Follow along with our Penn State Recruiting Rewind series every Saturday morning. If you missed out, be sure to read our look back at RB Saquon Barkley, LB Brandon Bell, LB Jason Cabinda, TE Mike Gesicki, WR Chris Godwin, QB Christian Hackenberg and QB Trace McSorley.
DaeSean Hamilton owns the Penn State record for single-game receptions (14) and could leave campus as the Nittany Lions’ all-time leader in catches.
The redshirt senior receiver joined the program as a member of Bill O’Brien’s first full-cycle recruiting class, but he aims to cap off his college career with a second straight Big Ten title under James Franklin.
Hamilton, who attended Mountain View (Stafford, Va.) High School, was predominately considered a 3-star prep prospect. Nearly 20 scholarship offers by the start of his senior season indicated collegiate coaches perhaps valued him slightly more than industry analysts.
Hamilton, who competed at 6-foot-1, 185 pounds during his final high school campaign, collected the majority of those offers before O’Brien extended one in September 2012. Schools such as Duke, Maryland, Miami, Michigan State, West Virginia, Virginia and Virginia Tech entered the pursuit months in advance of Penn State.
His recruitment really started to take off midway through his junior year, as nearby programs were first to place him on their target boards for the 2013 recruiting class. This was just a few months after his second season playing for Mountain View coach Lou Sorrentino, who took over the program following Hamilton’s freshman season.
Sorrentino previously led Virginia powerhouse C.D. Hylton High, where he coached eventual Penn State standout Deon Butler. Though Butler arrived in Happy Valley as a walk-on defensive back, he left campus as the program’s all-time receptions leader (179) and carved out a four-year NFL career with the Seattle Seahawks.
The coach immediately identified promise in his new young pupil upon arrival at Mountain View.
“I remember when I got there, we sat down and laid out a plan of what the future looked like for DaeSean,” Sorrentino told Sean Merriman of the Big Ten Network. “I told him that the best teams I’ve coached were the ones where the most talented players were also the hardest workers, and he took that to heart.”
Hamilton emerged as an offensive focal point for Sorrentino. He became a two-time team captain and caught 64 passes for 1,073 yards and 10 touchdowns as a senior, according to his Penn State bio.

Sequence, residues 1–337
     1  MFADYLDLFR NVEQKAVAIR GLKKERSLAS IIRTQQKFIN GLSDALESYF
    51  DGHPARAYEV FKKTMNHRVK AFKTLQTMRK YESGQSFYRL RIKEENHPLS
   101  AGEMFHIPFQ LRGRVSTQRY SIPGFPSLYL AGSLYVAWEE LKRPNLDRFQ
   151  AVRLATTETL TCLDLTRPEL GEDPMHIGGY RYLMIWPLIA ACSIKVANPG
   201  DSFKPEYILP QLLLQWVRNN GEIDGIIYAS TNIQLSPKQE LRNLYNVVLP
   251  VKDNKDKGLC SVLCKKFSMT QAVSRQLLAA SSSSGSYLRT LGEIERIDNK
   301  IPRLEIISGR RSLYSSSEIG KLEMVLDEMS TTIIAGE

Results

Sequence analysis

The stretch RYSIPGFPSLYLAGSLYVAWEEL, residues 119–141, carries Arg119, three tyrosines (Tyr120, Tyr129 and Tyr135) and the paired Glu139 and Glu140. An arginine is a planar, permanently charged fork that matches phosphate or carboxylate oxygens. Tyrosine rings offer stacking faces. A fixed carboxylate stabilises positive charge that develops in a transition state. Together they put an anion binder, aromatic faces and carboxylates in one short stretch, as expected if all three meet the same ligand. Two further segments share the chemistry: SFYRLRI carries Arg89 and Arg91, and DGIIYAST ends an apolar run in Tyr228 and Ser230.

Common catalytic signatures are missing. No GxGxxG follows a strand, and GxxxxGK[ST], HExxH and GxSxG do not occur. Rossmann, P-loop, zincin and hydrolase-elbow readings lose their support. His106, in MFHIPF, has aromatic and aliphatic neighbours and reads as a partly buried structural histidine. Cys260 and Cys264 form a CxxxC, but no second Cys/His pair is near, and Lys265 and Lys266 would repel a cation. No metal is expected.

Along the way, Sorrentino began to notice positive similarities between Hamilton and Butler. He relayed that insight to the Nittany Lions staff.
“I told Penn State that if you liked Deon Butler as a person, and they said, ‘Oh yeah, we loved him,’ [Hamilton] is going to be the same way,” Sorrentino told Land of 10’s Corey Masisak. “Waiting outside after a game up there, it was really a déjà vu moment for me when I saw DaeSean signing autographs. He was just like Deon, very personable with a big smile and all the little kids loved him.”
Penn State provided a game-changing offer just weeks into his senior season. O’Brien made a major impression during a visit to Virginia, according to Hamilton’s mother, Madgeline Hamilton.
“It was the honesty from the Penn State coaches that Sean fell in love with,” she told Merriman. “Coach O’Brien had a vision about how he was looking to build his program and where he saw Sean playing. He came in as a boy, but I knew that under these coaches’ watch, he would leave Penn State as a man.”
Hamilton would only spend one season on campus with O’Brien. It was a redshirt campaign, and by the time he stepped onto the field at Beaver Stadium in 2014, nearly two years separated him from his last live-action reception.
That catch was particularly memorable, as it marked the end of his high school career. Hamilton suffered a broken collarbone in a November 2012 playoff victory, according to Masisak, cutting short his postseason experience.
Just a few weeks later, on Dec. 9, he announced intention to attend Penn State following an official visit to the university. Despite severe program sanctions handed down by the NCAA that summer, Hamilton was headed to Happy Valley.
Here’s a look at how recruiting-industry leaders viewed Hamilton two months later when he signed his national letter of intent.
- 247Sports: No. 48 receiver; No. 412 overall; 3-star prospect
- ESPN: No. 56 receiver; unranked nationally; 4-star prospect
- Rivals: No. 42 athlete; unranked nationally; 3-star prospect
- Scout: No. 63 receiver; unranked nationally; 3-star prospect
Though his first year on campus required patience, Hamilton hit the ground running as a redshirt freshman in 2014. He broke the Penn State single-game freshman record for catches (11) and receiving yards (165) in his first game, a victory over Central Florida in Dublin, Ireland.
Hamilton surpassed that total six games later, setting a school record with 14 receptions against Ohio State. He went on to lead the Big Ten in catches (82) and topped all Nittany Lions with 899 receiving yards.
Those remain his season-best totals through three seasons of action. He’ll be counted on to contribute mightily again this fall, as Penn State replaces 2016 leading receiver and Tampa Bay Buccaneers draft selection Chris Godwin.
Hamilton needs just 19 catches as a senior to pass Butler atop Penn State’s career receptions list. He enters the season No. 10 all-time in receiving yards (1,985) at Penn State, placing him 1,041 yards shy of former Nittany Lions All-American Bobby Engram.